19-year-old Danyal Hussein was handed two life sentences in court this morning (28 October).
Bibaa Henry and Nicole Smallman’s killer Danyal Hussein has been sentenced to a minimum of 35 years in prison for fatally stabbing the sisters in London last June.
Appearing in court this morning (28 October) via a video link from Belmarsh high-security jail, the 19-year-old was given two life sentences with a minimum term of 35 years, to be served concurrently (at the same time).
Speaking at the hearing, the Prosecutor Oliver Glasgow QC said that “significant” aggravating features in Hussein’s case involved taking a knife to the scene, the destruction of evidence and the disposal of Hussein’s weapon and clothes.
He also said that Hussein would qualify for a whole-life order (life imprisonment without any possibility of parole or conditional release) if it wasn’t for his age – and suggested an appropriate starting point for a minimum term was 30 years in jail.
The sentencing comes months after Hussein’s trial in July, where he was found guilty of two counts of murder and possession of a knife.
At the time the court heard how Hussein, who has repeatedly maintained that he was not the killer, had embarked on a “campaign of vengeance” against random women after signing a deal with a demonic entity in order to win the lottery.
Speaking at his sentencing, Glasgow said his crimes were “a product” of his beliefs in Satanism, and that the belief system was “something he researched for some time”. He also said it was “logical from the way he approached it and set out what he wanted to do and why he wanted to do it”.
46-year-old Henry and 27-year-old Smallman were attacked and stabbed to death in June last year after attending a celebration at Wembley’s Fryent Country Park. Their bodies were found the following day by Smallman’s boyfriend, the day after they had been reported missing to the police.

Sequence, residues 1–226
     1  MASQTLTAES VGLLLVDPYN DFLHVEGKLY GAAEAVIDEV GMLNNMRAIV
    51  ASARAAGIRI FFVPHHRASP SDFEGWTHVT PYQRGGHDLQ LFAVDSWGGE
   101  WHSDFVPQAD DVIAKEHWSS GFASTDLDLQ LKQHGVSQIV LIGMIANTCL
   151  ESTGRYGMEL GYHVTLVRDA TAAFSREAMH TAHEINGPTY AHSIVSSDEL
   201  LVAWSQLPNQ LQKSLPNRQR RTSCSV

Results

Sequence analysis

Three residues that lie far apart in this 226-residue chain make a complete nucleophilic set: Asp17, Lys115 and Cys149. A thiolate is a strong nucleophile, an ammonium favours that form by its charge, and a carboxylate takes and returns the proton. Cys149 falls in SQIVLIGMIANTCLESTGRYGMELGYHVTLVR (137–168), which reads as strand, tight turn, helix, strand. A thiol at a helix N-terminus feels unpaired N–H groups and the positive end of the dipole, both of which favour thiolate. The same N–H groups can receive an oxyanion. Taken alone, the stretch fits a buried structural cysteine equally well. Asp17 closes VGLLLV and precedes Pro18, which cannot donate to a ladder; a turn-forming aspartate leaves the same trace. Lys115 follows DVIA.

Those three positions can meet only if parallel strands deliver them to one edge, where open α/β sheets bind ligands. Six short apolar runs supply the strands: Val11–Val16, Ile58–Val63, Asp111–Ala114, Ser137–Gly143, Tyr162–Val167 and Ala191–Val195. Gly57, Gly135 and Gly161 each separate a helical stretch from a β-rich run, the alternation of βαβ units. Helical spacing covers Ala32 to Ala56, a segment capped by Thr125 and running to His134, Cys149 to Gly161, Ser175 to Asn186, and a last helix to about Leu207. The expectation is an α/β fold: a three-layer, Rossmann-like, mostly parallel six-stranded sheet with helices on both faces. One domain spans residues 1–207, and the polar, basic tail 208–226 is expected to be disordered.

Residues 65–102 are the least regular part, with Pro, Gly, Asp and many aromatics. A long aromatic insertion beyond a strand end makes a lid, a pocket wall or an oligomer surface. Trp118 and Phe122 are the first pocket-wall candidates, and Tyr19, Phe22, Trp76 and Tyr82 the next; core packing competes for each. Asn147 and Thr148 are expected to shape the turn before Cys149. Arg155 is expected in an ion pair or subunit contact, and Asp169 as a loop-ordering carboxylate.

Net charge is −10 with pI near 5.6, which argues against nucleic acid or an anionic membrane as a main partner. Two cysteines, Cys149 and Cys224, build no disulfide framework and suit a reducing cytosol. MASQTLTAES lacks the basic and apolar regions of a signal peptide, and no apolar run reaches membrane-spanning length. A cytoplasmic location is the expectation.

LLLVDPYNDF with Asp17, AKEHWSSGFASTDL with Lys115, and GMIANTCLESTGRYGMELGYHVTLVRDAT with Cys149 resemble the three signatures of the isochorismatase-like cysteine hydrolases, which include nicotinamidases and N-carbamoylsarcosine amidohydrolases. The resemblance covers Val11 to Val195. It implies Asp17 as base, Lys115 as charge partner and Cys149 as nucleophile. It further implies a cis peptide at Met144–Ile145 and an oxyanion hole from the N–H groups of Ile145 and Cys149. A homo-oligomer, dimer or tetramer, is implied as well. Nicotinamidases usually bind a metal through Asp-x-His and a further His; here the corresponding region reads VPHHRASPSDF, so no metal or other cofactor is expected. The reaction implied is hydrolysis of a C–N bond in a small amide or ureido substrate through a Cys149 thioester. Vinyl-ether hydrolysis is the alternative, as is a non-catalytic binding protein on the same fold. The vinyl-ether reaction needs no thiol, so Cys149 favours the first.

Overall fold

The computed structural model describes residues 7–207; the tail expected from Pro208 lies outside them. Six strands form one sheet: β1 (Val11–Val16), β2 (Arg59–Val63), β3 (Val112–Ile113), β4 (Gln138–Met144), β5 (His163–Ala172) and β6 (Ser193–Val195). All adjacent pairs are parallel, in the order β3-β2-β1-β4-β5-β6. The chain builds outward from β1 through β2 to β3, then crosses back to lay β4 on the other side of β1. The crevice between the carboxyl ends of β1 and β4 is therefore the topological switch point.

Earlier this week, the Metropolitan Police announced they would formally apologise to the family for the way Henry and Smallman’s case was handled, after an Independent Office for Police Conduct (IOPC) report found that the police’s response was “below the standard that it should have been”.
Responding to the proposed apology in an exclusive interview with Channel 4 News on Tuesday, the sisters’ mother Mina Smallman said the “time for apologies is long gone,” and revealed how the police failed to take her daughter’s disappearances “seriously”.
“They’ve admitted that there were mistakes,” she said. “It may never have changed the ultimate outcome, however, we as a family would have been spared the additional anguish and torment.”
She continued: “If the Met had done their job – cared enough – we would have been spared all the additional phone calls [and] sleepless nights worrying, ‘Where are they?’.
“And now they want to say sorry? The time for apologies is long gone. Long gone.”